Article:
Purpose: To describe the effects of COVID-19 lockdown and a subsequent retraining on the training workloads, autonomic responses, and performance of a group of elite athletes. Methods: The training workloads and heart rate variability (assessed through the log-transformed root mean square of successive R–R intervals) of 7 elite badminton players were registered daily during 4 weeks of normal training (baseline), 7 to 10 weeks of lockdown, and 6 to 8 weeks of retraining. Physical performance was assessed at baseline and after each phase by means of a countermovement jump and the estimated squat 1-repetition maximum. Results: A reduction in training workloads was observed in all participants during the lockdown (−63.7%), which was accompanied by a reduced heart rate variability in all but one participant (−2.0%). A significant reduction was also observed for countermovement jump (−6.5%) and 1-repetition maximum performance (−11.5%), which decreased in all but one participant after the lockdown. However, after the retraining phase, all measures returned to similar values to those found at baseline. At the individual level, there were divergent responses, as exemplified by one athlete who attenuated the reduction in training workloads and increased her performance during the lockdown and another one who markedly reduced his workload and performance, and got injured during the retraining phase. Conclusions: Although there seems to be a large interindividual variability, COVID-19 lockdown is likely to impose negative consequences on elite athletes, but these detrimental effects might be avoided by attenuating reductions in training workloads and seem to be overall recovered after 6 to 8 weeks of retraining.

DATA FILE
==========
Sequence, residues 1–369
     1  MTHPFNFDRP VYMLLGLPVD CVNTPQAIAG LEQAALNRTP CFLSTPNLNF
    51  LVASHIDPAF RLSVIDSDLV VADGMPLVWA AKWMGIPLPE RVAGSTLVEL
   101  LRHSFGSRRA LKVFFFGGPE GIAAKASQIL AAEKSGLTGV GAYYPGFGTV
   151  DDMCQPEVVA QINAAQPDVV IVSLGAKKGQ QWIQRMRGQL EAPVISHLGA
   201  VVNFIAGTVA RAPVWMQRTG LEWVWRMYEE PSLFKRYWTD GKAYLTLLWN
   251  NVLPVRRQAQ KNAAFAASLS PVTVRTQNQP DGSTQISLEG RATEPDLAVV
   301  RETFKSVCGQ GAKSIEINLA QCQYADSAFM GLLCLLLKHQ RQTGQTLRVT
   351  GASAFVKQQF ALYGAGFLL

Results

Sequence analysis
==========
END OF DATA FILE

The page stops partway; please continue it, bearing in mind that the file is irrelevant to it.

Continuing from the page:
Adam Mallett, Phillip Bellinger, Wim Derave, Katie McGibbon, Eline Lievens, Ben Kennedy, Hal Rice, and Clare Minahan